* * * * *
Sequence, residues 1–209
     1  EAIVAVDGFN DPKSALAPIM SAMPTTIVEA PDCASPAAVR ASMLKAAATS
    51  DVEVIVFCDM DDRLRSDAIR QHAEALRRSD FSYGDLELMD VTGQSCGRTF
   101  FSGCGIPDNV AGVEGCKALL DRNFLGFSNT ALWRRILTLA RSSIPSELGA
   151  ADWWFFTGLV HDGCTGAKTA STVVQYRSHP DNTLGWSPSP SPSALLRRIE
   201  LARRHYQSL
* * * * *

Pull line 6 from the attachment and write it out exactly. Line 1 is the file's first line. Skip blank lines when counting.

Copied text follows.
   201  LARRHYQSL